Saturday, March 17 , 2018, 5:59 am | Fair 49º


Tracy Shawn: Four Sure-Fire Ways to Combat Holiday Weight Gain

Between Thanksgiving and New Year's is it possible to actually lose weight? As a matter of fact, yes

We all know what packs on those extra pounds during this time of year: rich, calorie-dense foods laden on our tables by Thanksgiving that continue to tempt us all the way through to the New Year, coupled with the extra stress that the holiday season brings, as well as having less time for exercise. It’s no wonder why our pants are oftentimes harder to zip up by Jan. 1. Yet if you keep in place four healthy — and very doable — habits, you may find that you’ll not only avoid any extra “holiday heft,” but also may even lose a few pounds in the process.

1. Remember that Fiber is Your Friend. The natural fiber found in fruits, vegetables, legumes and whole grains helps to replace calories from fat and provides satiety. During the holiday season, these nutrient-dense foods are often shoved aside to make room for the more festive fare of calorie-dense foods such as stuffing, pies and sugar cookies. Yet if you make sure to eat both soluble fiber (which includes oats, fruits, broccoli and carrots) and insoluble (which includes bran, many vegetables, seeds and brown rice) to your diet every day, you can keep the portions down on the “party food,” while still enjoying the party. Two easy ways to help implement this is to have a balanced, high-fiber snack such as a bowl of bran cereal with milk before you go out, and to insist on helping out your host by bringing a large vegetable platter. (Note: According to the Dietary Reference Intakes guidelines, the average man should consume about 38 grams of fiber a day and the average woman about 25 grams a day. To reduce any possible stomach discomfort, make sure to gradually increase fiber intake.)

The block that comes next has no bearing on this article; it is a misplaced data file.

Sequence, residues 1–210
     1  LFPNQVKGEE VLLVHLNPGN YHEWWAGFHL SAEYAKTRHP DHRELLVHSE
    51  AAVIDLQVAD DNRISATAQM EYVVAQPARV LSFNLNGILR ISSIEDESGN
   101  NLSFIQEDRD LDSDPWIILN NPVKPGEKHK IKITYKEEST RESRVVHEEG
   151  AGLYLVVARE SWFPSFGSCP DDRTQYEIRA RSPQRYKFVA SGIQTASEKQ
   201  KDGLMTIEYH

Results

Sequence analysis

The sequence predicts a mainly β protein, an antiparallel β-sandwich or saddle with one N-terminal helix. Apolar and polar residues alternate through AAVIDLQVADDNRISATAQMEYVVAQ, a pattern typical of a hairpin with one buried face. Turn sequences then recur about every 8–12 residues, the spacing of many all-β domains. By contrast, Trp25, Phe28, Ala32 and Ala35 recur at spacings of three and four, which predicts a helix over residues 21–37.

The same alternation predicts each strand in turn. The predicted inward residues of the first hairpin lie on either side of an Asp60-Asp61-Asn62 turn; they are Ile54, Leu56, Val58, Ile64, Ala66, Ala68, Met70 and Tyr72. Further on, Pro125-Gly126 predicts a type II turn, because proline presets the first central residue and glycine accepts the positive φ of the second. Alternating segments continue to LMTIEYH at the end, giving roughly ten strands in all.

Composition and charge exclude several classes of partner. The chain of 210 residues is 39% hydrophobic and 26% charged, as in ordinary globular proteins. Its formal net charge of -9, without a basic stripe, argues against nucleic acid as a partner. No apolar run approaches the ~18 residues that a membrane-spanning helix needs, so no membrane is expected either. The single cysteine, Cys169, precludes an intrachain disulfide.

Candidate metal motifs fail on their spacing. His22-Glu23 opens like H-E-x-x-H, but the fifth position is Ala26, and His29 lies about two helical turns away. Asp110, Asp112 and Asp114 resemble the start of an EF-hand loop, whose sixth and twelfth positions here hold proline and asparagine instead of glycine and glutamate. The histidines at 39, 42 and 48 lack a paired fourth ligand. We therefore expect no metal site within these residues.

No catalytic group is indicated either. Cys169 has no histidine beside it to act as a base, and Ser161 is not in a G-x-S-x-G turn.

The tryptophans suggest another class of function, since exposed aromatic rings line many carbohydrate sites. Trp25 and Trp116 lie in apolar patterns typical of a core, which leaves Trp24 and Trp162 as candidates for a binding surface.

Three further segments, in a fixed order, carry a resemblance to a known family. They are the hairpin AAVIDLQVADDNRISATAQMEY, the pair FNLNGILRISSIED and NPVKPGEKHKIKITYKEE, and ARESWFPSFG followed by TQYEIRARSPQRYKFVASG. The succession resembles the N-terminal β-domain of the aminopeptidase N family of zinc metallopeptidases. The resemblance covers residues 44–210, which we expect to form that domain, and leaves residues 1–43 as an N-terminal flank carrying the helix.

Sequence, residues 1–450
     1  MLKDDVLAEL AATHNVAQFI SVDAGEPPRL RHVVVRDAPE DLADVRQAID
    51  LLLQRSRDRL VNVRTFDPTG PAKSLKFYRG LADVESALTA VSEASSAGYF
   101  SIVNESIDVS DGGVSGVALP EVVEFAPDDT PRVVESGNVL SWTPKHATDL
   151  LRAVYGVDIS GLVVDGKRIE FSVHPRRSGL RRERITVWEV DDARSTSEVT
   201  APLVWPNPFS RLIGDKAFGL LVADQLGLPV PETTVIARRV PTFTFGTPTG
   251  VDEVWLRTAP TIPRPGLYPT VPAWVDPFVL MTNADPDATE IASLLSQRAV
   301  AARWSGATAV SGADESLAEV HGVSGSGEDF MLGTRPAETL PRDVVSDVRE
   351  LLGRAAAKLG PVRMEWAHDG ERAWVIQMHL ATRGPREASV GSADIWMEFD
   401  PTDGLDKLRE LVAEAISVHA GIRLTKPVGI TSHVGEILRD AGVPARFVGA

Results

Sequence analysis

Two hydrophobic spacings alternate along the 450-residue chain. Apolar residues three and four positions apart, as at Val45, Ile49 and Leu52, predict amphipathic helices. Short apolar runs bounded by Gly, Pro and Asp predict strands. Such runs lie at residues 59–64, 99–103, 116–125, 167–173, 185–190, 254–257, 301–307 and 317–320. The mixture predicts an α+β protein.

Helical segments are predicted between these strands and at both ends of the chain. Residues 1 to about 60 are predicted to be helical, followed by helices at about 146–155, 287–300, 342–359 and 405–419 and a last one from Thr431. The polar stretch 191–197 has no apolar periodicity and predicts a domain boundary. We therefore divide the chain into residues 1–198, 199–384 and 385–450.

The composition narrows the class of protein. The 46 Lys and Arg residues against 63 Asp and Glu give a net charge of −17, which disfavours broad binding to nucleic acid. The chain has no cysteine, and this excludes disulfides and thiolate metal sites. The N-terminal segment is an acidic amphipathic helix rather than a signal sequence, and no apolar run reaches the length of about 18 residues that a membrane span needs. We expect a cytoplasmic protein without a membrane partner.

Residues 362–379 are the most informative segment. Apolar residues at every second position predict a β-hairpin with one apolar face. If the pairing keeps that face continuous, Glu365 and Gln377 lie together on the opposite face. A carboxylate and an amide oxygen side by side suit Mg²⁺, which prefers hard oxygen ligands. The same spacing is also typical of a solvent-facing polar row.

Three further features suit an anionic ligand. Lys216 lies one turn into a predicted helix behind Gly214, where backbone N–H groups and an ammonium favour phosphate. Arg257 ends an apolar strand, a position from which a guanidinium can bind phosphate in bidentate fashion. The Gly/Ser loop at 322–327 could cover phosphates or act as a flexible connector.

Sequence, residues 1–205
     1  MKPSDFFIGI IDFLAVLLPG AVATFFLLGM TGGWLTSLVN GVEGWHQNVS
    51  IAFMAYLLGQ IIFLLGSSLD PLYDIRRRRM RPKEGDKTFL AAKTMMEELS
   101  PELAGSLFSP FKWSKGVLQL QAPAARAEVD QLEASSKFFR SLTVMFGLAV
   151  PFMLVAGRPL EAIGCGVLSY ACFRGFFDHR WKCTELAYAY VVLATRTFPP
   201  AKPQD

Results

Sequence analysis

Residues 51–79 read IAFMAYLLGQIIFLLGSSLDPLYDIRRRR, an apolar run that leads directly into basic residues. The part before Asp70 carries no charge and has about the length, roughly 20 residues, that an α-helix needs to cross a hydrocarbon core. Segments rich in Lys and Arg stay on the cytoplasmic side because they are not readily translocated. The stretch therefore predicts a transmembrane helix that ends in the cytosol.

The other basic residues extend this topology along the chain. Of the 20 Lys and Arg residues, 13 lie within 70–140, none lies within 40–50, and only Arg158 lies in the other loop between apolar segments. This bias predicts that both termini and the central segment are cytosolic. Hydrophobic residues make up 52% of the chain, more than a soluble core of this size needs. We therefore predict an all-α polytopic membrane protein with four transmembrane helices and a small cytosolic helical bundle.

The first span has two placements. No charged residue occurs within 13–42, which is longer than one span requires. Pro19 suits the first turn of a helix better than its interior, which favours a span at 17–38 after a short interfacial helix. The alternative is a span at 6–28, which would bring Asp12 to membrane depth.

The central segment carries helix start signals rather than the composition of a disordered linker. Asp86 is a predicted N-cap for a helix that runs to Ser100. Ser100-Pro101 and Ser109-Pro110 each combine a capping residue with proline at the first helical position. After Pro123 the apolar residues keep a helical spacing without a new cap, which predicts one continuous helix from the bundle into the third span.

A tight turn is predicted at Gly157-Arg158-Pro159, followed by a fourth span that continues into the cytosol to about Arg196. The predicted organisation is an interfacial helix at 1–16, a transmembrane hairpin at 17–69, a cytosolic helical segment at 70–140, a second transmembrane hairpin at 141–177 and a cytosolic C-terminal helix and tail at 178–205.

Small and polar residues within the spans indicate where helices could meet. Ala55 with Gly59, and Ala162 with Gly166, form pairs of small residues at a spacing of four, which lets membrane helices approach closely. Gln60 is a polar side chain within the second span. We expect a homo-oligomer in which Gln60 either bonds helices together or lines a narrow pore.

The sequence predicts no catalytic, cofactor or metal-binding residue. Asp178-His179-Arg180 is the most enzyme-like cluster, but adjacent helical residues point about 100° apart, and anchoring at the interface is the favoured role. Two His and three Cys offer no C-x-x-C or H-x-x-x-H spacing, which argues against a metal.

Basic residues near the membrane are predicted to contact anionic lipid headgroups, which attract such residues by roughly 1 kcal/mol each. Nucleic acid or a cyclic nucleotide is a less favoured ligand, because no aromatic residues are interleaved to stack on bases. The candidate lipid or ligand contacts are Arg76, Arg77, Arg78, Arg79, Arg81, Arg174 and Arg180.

2. Keep the Furnace Going. Eating throughout the day will help you feel less hungry so you won’t eat as much at each sitting, and studies also suggest that eating more frequently does increase your metabolism. Meals and snacks that provide the balance of protein, carbohydrates and fat can also prevent rapid rises and falls in the blood glucose level. So forgo the “starve and scarf” routine. Not only will it may make you want to eat even more, but it also may increase the Grinch-like symptoms of low blood sugar — and who wants to be hungry and grumpy when your goal is to be social and happy? Make it easy on yourself: go for the salad bar at your grocery store, stop for a bowl of lentil soup between gift shopping, keep an apple and a bag of nuts in your car.

3. Be Creative with Keeping up with Your Exercise. Because of the shorter days, intermittent weather and the all-around busy nature of the season, it can be difficult to maintain your usual exercise routine. Yet this may be the time of year when we need it the most. Exercise not only burns calories and increases metabolism, but numerous studies show that it also combats stress, which can run quite high during the holidays. And we all know that tension can sometimes lead to even more overeating. So how is a stressed-out, over-scheduled person supposed to keep up the workouts? First, make exercise a priority over trying to make everything else “perfect.” Tell yourself that it’s more important to get that 30-minute jog in instead of cleaning all the dust bunnies from under your couch before guests arrive (they won’t notice anyway)! Also, make exercise more time efficient by working out at home in front of a workout DVD or checking out free exercise channels on TV. Just remember: any exercise is better than none.

4. Limit the Libations! According to the Dietary Guidelines for Americans (2005), alcohol moderation is defined as no more than two drinks a day for men, and no more than one drink a day for women. (And if you’re driving, you may want to stick with sparkling cider as most people retain some alcohol in their blood for up to three hours after a single drink.) Following this sound advice during the holiday season may be good for your health, as well as for your waistline. Since alcohol contributes non-nutritive calories and lowers inhibitions, a person may not only be overloading their bodies with empty calories from the drink itself, but also from the foods that they may be tempted to overindulge in. Also, because alcohol is a depressant — which effects can carry into the next day — staying on track may be even more difficult. And the last thing we need during this time of year is one more challenge!

So try and relax, knowing that if you follow the four simple steps of keeping up the bran, stoking your furnace, working up a daily sweat — all while keeping the buzz at bay — you may just get through this holiday season with both your brain and pants intact!

— Tracy Shawn, MA, “The Walk & Talk Weight Loss Coach”, is a certified nutrition and wellness consultant for men and women. She helps clients achieve their weight loss goals through individualized guidance and education. Click here to contact her.

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